Camouflage, Military Training Pamphlet No. 46, Part 6: Notes on Screens (The War Office) 16 pages

This pamphlet was issued to 203 HAA Battery, Royal Artillery
19411. Types
2. Uses
3. Construction
4. Conclusion
The Raid Spotters Note Book (Compiled by C. Griffith) 68 information pages plus blank note pages3rd edition, 2nd impression (not dated, but estimated 1942)“Containing descriptions and silhouettes of 103 types of aircraft, information on recognition, spotting, comparisons, bombing, gliders, etc, etc.”
Field Service Pocket Book, Part I (The War Office)19441. Pamphlet No. 3 – Abbreviations, 1944
2. Pamphlet No. 4 – Appreciations, orders, messages, and intercommunication, 1944
3. Pamphlet No. 5 – Signal codes, 1944
4. Pamphlet No. 6 – Intelligence, Information and Security, 1944
5. Pamphlet No. 6A – Conventional military symbols, 1943
6. Pamphlet No. 7 – Field Engineering, 1944
7. Pamphlet No. 9 – Movement by rail and road, 1943
8. Pamphlet No. 10 – Gas, 1943
Notes on the British Army (incorporating staff / promotion examination candidates’ précise) (The War Office) 149 pages1961, revised 1962, updated 1962, 1963, 19641. The British Army, structure and organisation
2. Organisation and functions of the War Office
3. Organisation and duties of the staff at formation Headquarters
4. Armour
5. Artillery
6. Engineers
7. Signals
8. Infantry
9. Land / Air warfare
10. The administrative services of the army
11. Administration and system of maintenance in the field
12. The administration of personnel
13. Supplies and transport
14. medical services
15. Ordnance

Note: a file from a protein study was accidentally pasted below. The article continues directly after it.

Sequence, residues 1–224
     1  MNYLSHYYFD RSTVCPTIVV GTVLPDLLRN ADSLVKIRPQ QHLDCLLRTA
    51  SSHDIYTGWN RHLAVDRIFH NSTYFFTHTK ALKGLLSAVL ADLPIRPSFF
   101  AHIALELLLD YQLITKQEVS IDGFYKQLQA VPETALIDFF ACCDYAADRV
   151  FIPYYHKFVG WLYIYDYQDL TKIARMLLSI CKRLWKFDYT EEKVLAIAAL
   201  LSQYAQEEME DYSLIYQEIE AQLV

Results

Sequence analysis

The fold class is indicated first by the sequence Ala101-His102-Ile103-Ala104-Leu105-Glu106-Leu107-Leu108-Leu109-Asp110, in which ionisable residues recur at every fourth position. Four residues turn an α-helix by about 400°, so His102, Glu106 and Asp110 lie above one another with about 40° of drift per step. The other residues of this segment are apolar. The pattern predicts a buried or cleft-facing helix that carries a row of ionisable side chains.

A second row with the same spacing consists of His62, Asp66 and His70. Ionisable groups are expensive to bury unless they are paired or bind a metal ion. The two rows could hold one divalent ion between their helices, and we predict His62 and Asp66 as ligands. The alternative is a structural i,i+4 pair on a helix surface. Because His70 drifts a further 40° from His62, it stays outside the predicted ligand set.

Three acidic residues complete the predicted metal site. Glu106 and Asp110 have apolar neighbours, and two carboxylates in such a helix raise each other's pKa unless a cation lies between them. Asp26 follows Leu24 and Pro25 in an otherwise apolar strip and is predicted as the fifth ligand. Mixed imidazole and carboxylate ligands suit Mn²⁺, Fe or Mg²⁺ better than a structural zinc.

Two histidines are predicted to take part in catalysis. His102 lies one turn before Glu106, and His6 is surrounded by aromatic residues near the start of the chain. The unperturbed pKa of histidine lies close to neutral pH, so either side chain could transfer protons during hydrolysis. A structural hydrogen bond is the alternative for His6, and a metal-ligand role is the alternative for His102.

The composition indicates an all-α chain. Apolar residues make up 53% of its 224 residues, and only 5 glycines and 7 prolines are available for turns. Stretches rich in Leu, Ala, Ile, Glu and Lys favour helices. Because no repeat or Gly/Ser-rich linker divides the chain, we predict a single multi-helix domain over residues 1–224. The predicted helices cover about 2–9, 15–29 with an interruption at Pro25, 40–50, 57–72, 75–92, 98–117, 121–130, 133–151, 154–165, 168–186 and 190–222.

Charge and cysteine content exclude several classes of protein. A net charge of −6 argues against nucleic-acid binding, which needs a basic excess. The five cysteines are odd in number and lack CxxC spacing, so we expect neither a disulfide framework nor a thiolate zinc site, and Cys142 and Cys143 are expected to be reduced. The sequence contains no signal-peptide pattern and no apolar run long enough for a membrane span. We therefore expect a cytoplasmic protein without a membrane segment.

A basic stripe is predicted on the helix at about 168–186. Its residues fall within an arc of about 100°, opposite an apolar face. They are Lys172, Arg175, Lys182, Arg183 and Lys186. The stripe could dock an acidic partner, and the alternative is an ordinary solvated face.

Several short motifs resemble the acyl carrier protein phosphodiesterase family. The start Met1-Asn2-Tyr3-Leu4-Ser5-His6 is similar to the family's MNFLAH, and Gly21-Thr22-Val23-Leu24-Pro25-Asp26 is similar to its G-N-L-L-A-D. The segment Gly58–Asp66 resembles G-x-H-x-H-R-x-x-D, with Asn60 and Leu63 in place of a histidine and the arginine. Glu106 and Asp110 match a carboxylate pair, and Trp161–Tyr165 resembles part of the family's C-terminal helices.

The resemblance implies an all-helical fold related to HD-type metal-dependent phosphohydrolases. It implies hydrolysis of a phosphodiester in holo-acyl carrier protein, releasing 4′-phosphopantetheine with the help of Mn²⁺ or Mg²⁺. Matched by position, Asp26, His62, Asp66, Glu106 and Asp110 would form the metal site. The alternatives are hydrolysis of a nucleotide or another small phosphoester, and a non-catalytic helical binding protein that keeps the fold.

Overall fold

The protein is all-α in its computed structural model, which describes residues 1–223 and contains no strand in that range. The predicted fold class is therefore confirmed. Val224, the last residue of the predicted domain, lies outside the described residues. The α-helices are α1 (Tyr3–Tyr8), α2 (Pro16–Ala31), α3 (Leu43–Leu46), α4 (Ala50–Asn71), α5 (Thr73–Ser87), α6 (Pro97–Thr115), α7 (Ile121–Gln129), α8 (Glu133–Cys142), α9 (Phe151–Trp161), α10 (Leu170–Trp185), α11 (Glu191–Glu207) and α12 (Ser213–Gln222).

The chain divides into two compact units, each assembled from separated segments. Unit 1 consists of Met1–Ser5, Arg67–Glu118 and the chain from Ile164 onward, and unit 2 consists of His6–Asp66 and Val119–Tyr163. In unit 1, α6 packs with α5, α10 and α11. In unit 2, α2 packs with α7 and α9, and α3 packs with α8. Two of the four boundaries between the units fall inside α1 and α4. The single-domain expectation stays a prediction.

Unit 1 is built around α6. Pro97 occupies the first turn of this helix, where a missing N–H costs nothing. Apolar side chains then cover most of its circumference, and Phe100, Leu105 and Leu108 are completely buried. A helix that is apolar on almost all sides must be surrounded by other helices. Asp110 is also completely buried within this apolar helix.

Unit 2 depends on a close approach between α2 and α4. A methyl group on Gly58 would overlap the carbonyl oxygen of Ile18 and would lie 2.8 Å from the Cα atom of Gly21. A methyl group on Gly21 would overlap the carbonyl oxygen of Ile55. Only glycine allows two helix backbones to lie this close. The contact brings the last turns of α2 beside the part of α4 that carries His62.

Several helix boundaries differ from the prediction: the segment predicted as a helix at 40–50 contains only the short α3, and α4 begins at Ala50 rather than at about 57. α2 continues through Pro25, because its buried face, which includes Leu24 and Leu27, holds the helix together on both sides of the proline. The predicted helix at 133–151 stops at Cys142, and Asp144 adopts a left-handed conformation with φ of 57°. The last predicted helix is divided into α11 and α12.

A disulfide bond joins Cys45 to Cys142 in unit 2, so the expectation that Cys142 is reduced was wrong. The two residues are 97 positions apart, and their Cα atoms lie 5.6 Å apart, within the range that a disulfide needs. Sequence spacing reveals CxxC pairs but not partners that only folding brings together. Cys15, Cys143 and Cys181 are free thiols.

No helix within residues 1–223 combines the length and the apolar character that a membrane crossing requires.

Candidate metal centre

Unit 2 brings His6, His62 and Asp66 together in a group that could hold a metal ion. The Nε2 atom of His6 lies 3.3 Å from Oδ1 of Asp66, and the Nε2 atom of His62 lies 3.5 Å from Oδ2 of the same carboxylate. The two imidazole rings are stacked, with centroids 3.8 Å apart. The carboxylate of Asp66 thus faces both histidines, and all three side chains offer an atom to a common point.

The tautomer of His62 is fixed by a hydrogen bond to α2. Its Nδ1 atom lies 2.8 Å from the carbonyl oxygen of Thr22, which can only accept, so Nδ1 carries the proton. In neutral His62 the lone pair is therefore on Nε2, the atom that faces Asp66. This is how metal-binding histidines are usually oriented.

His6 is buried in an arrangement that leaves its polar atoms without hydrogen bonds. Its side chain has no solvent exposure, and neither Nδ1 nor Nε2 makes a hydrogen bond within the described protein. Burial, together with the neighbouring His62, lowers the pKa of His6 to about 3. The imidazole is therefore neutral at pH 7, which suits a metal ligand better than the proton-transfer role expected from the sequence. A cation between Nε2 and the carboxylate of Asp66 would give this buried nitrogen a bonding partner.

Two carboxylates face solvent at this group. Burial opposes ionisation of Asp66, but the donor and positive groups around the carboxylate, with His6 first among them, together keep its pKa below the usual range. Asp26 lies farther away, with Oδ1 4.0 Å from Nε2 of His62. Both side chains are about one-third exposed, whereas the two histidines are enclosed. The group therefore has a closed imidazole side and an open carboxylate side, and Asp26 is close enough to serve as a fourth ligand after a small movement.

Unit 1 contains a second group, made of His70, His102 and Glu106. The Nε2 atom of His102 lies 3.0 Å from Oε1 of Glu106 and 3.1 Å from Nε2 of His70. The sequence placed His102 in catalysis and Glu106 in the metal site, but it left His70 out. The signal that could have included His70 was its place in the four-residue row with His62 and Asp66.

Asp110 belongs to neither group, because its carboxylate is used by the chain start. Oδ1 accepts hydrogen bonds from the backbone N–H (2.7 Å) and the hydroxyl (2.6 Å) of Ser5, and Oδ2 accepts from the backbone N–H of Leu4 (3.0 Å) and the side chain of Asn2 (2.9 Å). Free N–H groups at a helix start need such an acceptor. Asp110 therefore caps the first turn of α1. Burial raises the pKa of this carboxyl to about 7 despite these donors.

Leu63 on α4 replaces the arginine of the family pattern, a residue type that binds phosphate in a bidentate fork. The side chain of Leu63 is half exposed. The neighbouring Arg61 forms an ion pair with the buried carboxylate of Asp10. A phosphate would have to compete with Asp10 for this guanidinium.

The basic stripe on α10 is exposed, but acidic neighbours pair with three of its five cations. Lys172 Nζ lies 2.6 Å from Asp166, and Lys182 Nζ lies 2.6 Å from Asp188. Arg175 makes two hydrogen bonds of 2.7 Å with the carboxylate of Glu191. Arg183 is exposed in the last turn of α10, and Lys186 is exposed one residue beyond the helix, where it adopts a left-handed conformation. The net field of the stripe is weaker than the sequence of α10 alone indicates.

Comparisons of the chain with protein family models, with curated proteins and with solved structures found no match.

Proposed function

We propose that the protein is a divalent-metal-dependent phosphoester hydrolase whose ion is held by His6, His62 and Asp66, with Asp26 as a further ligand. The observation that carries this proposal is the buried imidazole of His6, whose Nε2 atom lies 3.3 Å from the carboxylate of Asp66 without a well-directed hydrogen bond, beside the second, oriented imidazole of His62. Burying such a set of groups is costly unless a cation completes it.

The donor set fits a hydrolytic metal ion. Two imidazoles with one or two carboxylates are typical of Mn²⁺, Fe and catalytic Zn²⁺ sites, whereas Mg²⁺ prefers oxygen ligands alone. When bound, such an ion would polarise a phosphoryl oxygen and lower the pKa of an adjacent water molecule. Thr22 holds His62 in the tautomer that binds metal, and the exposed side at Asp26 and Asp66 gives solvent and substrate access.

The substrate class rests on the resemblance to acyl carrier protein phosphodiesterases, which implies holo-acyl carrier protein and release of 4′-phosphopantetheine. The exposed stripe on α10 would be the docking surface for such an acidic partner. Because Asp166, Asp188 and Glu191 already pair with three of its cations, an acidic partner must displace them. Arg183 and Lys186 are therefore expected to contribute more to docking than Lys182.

16. Repair and recovery
17. Pay services
18. The reserve army
Tactical Aide Memoire (Chief of the General Staff)19881. Appreciations and Orders
2. NBC
3. Air
4. Communications
5. Medical
Tactical Aide Memoire (Chief of the General Staff)1990, amendment No. 11. Miscellaneous Orders
2. NBC
3. Air
4. Communications
5. Medical
6. Field engineering and search
7. Threat
8. Reports and returns
9. General
10. Tactical check notes
11. Special to Army Inserts
12. Special operations / techniques

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Modern Reference (1914 – 1945)

Key to Victory (Richard Doherty) 100 pages19951. The U-boat threat
2. Front-line city
3. Action stations
4. The alliance is forged
5. U-boat sighted
6. Constant endeavour
7. On the home front
8. The soldiers’ tale
9. War in the air
10. Everywhere
11. Victory
Defending the North, the Fortifications of Ulster 1796-1956 (Bill Clements) 118 pages20031. The Board of Ordnance and Defence Committees
2. War with France, 1798 – 1809
3. Lough Swilly, 1810 – 1815
4. Lough Foyle and Belfast Lough, 1810 – 1816